But it is good for us to see what cricket is doing. We constantly talk about it. If any issues are raised by those players in that position, we will address them. It is my role as the head of the Players Association to make sure that those issues are addressed and if we need to change them, the whole sport is committed to making sure that we get it right in this area.”
One might now look at Cricket Australia’s parental policy and wonder why Netball Australia doesn’t immediately implement this gold standard. The unfortunate reality for netball is the lack of a deep funding pool to draw from. While every effort is made to tailor specific clauses for the mothers, such as extensions to the travel allowance, some of them are just not feasible as netball is not yet reaching the big-dollar sponsorships like some other codes.
In these instances, the onus then falls to the clubs to make the transition back to court worthwhile for mothers.
Bulley reflects on her experience with such issues, “I was very lucky that Netball NSW supplied a babysitter for me. We trained just downstairs from where the Netball NSW office was, so it was easy for me to get to training, sit in the change room and feed Indie, then get ready for training. And, when we were ready to train Donna would come down and take Indie off which was fantastic. It meant she was out of sight and if she was having a bad day, I didn’t have to worry because she was somebody else’s responsibility. I always heard she was great, and they loved having her in the office.”
Diamonds legend and Super Netball commentator, Liz Ellis, believes that for the growth of netball as a ‘product’, it is in Netball Australia’s interest to continue to push to set the standard for the big names to return to the game after having a baby.
“I think this sport has a real opportunity to lead the way in this country and show what can be done in terms of keeping your top athletes in the game for as long as you can. The fact of the matter is, as players get older and they want to start thinking about starting families, they’re often the players who are household names, your bankable players who sponsors see getting people through the gate and watching on television. So, anything you can do to keep those players in the business is really important. I think it’s something that netball can be part of; really leading the country in that regard.”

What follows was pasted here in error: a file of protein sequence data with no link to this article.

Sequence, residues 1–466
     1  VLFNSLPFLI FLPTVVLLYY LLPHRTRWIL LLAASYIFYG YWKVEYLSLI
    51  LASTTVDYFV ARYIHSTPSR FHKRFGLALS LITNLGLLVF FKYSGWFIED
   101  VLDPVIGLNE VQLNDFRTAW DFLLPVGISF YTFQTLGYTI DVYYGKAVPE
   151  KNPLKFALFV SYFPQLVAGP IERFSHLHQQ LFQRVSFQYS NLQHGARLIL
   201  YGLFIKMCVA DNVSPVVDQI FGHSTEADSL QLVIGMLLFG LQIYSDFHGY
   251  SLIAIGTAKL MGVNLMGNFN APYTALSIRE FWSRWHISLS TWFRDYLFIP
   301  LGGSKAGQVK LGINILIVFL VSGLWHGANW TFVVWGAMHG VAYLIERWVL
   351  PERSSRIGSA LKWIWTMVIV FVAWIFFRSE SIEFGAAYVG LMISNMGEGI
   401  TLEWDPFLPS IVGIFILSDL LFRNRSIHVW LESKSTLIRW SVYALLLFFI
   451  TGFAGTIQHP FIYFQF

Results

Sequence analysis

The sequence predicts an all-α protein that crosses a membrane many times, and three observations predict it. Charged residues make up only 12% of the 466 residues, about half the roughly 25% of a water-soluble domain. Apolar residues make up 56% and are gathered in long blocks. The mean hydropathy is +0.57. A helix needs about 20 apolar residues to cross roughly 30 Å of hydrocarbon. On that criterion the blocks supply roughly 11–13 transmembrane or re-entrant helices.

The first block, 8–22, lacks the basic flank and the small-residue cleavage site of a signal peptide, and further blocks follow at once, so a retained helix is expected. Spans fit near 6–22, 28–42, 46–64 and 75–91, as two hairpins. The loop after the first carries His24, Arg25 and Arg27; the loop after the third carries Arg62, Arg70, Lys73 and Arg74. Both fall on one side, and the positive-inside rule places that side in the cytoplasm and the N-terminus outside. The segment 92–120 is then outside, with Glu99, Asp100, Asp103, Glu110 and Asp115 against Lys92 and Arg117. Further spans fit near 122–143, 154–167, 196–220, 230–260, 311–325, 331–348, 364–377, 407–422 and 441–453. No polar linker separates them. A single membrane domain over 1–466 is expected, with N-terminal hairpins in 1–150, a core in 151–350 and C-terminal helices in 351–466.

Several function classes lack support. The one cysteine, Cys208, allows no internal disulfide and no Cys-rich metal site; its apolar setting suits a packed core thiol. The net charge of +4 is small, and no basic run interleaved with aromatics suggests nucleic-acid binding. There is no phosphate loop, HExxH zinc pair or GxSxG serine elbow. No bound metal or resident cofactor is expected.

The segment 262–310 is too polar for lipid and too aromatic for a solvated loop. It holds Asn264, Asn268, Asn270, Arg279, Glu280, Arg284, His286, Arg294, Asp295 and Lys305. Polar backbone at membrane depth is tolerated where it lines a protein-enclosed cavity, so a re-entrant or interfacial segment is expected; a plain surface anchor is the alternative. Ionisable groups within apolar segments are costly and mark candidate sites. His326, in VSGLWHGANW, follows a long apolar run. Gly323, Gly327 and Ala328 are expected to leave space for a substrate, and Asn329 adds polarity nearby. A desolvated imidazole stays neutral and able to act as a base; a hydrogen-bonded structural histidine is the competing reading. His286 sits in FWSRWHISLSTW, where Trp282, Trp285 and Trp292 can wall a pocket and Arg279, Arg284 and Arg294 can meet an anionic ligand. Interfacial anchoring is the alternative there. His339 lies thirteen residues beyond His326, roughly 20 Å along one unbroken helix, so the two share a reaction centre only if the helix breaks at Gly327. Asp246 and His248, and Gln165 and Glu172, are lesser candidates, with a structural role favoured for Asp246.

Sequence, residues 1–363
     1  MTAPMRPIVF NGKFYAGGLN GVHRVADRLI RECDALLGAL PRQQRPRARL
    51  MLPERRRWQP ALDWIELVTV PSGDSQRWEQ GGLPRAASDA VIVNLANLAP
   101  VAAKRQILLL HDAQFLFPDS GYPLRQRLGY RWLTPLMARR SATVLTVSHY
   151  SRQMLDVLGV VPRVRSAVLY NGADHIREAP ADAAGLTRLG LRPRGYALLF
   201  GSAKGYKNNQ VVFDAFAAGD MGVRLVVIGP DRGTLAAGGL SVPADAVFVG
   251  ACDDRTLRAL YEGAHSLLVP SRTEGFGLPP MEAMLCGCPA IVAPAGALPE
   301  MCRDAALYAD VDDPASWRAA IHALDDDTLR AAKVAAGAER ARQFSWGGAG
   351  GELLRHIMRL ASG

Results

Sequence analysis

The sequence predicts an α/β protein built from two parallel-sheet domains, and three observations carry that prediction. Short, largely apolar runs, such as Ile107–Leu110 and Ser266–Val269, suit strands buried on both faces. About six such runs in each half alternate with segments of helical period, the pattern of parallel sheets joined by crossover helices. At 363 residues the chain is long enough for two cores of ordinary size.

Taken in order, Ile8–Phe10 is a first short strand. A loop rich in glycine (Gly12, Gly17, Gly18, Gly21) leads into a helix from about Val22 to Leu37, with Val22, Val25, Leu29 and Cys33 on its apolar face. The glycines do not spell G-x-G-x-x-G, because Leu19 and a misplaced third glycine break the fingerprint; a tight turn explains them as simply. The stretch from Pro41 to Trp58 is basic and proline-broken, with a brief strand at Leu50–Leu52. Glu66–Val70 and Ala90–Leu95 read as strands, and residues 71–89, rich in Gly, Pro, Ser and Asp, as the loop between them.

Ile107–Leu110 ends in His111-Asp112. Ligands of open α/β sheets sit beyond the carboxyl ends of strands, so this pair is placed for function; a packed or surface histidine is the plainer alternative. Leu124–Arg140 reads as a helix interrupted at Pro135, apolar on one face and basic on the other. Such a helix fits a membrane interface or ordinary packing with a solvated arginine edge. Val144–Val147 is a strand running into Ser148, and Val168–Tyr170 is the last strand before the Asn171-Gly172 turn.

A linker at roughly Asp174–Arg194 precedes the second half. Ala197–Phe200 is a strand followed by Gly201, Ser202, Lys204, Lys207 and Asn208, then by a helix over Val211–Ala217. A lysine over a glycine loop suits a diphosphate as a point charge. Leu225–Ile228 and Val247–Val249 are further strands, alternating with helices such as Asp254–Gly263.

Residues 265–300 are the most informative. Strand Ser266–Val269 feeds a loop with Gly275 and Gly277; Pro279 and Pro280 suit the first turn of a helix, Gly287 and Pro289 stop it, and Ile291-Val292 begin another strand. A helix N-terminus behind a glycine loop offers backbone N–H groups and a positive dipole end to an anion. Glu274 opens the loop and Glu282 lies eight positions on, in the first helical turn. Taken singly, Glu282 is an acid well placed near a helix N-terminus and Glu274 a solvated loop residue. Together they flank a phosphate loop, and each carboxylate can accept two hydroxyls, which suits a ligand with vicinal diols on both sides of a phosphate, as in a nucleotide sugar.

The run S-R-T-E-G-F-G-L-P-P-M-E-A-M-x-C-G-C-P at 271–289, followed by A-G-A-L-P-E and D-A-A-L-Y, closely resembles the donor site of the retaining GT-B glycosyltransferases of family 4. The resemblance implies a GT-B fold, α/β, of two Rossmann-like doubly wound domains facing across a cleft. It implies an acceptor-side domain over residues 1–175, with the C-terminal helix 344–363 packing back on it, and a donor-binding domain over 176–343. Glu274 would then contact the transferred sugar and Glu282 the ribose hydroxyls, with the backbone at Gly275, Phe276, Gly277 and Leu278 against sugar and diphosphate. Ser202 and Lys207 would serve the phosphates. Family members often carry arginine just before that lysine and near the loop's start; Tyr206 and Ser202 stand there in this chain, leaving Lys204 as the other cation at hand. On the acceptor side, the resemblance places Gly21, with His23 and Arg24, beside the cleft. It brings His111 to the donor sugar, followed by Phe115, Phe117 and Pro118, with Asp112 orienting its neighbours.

Collingwood Magpies’ goal attack and former Diamond, Nat Medhurst, agrees that keeping the legends on the court is a priority. However, she believes the competition for team spots may be a reason why these athletes are holding off on starting families sooner.
“I remember at the Singapore World Cup in 2011 and we were staying at the same hotel as the Silver Ferns, and we were by the pool. We didn’t have one single mother in the team, and they were all there with their kids. It’s part of their culture and a given.
But now the demands have increased dramatically, particularly if you’re an international player you are going 11 months of the year. Because it isn’t spoken about there now feels like there is a lot more pressure. You feel like as an athlete if you were to take time away for a family, that you wouldn’t be able to get back into the side. I know that whilst you’d argue that with Renae and Geitzy, there is that sort of mindset around it.”
Guaranteeing team spots is one glaring difference between the Cricket Australia and Netball Australia Players Agreements. And, admittedly, there are various factors as to why each association has their stance on that clause, but for the health of the sport and for the player’s peace-of-mind it does seem like one which Netball Australia does need to review.
Regarding the clause, Medhurst say, “I know Ravvie (Collingwood midcourter Kim Ravaillion), in particular, would love to (come back after having her baby). I think April is probably a bit older and she’s moving back to NSW, so she said she may not want to come back.